The U.S. economy may have managed to avoid going over the fiscal cliff, but fiscal debates still loom ahead and risks to the economy are skewed to the downside in 2013. Or so forecasts David Levy, the chairman of the Jerome Levy Forecasting Center.
Levy recently published his outlook for the new year, in which he argues the U.S. economy is “stuck in second gear, unable to accelerate but not plunging off a cliff.” According to Levy’s outlook, we can expect more of the same economic trends we saw in 2012: slow uneven growth, steady core inflation, and employment gains that continue, but not fast enough to really heal the labor market.
“We’re in what we’ve referred to over the last several years as a contained depression,” Levy tells The Daily Ticker. “We’re going through a long-term adjustment in balance sheets. Debt levels are coming down slowly, and during that period the economy tends to under-perform. It can’t generate profits through private wealth creation, because we’re not creating wealth. Instead we depend on government deficits. So it’s a healing process.”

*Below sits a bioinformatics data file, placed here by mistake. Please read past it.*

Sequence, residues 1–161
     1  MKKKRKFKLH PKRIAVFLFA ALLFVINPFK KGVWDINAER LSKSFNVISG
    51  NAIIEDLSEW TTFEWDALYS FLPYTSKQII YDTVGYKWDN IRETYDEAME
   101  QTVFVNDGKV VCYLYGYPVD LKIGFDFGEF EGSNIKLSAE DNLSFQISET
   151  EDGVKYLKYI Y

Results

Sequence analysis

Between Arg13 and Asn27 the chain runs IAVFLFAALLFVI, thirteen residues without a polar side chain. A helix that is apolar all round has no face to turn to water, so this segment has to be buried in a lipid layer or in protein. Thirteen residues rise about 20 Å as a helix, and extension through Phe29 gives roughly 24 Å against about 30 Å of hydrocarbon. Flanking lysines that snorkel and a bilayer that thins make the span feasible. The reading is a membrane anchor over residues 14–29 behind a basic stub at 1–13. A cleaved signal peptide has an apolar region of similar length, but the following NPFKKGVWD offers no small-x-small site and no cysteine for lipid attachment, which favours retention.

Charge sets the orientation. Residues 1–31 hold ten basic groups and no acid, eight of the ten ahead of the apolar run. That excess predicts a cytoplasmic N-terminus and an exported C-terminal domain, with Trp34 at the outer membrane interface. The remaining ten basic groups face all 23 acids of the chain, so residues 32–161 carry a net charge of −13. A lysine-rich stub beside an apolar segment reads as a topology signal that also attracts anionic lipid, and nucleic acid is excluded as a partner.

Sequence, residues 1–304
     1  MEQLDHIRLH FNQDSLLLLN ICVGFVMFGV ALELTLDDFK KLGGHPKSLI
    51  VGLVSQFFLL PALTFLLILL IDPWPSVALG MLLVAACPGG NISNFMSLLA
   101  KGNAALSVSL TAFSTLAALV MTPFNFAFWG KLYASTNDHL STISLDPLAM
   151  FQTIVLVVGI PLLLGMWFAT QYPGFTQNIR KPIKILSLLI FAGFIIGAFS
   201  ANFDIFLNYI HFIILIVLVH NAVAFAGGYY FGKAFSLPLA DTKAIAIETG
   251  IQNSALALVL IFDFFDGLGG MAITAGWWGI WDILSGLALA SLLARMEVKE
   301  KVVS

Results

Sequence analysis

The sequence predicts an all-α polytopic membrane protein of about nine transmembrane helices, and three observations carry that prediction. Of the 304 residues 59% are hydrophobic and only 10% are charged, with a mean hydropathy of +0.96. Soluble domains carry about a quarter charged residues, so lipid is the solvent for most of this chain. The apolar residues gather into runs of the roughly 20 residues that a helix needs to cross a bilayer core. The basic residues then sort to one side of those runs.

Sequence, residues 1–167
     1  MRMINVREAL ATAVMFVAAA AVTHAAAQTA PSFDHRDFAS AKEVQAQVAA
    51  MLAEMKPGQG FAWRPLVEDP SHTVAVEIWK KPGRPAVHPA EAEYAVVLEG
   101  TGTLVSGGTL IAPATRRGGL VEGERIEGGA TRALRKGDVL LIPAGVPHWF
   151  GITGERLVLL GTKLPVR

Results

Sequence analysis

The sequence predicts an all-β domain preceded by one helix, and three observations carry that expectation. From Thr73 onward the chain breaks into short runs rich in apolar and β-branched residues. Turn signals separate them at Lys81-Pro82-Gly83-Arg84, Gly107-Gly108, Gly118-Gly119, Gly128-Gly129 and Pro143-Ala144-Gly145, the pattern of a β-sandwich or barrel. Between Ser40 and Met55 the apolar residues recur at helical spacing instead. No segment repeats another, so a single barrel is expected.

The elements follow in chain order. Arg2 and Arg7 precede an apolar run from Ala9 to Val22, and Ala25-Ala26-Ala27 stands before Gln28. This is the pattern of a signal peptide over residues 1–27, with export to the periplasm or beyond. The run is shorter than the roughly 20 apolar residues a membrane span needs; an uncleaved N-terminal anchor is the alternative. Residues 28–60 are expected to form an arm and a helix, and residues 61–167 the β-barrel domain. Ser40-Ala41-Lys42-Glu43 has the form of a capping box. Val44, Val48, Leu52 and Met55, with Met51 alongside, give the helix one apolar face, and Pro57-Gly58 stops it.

In this environment, Levy expects a flat trend in corporate earnings. And he expects treasury yields, which saw record lows in 2012, to ultimately go even lower. Levy says when the economy stumbles, he expects the 10-year treasury yield to ultimately break 1%, though it may not happen this year. Levy believes treasurys are a good investment for long-term holders who want to be safe and are willing to ride out some turbulence.
Looking at international headwinds, Levy says it’s hard to forecast their exact direction.
“China is picking up a little bit, but it’s not the old-fashioned miracle,” he says. “It’s more about the government pumping money in...how hard does the new government push?”
The World Bank and private sector forecasters expect China to grow 7.5 percent growth this year, the Associated Press reports, making it China's weakest performance since the 1990s.
Levy sees emerging markets generally uneven but getting worse, and Europe dealing with the realization that deficits have been getting even larger. What European policymakers do, he says, is yet another question.
One global wildcard Levy picks out, which could surprise to the upside is Japan.
Levy's view on Japan is in contrast to analysts such as Peter Schiff, CEO of Euro Pacific Precious Metals, who told The Daily Ticker Japan “actually need a stronger yen, higher interest rates.”
“They need to allow their economy to restructure,” says Schiff, “To shrink government. Instead they’re simply going to do more of what’s been failing for the past two decades.”
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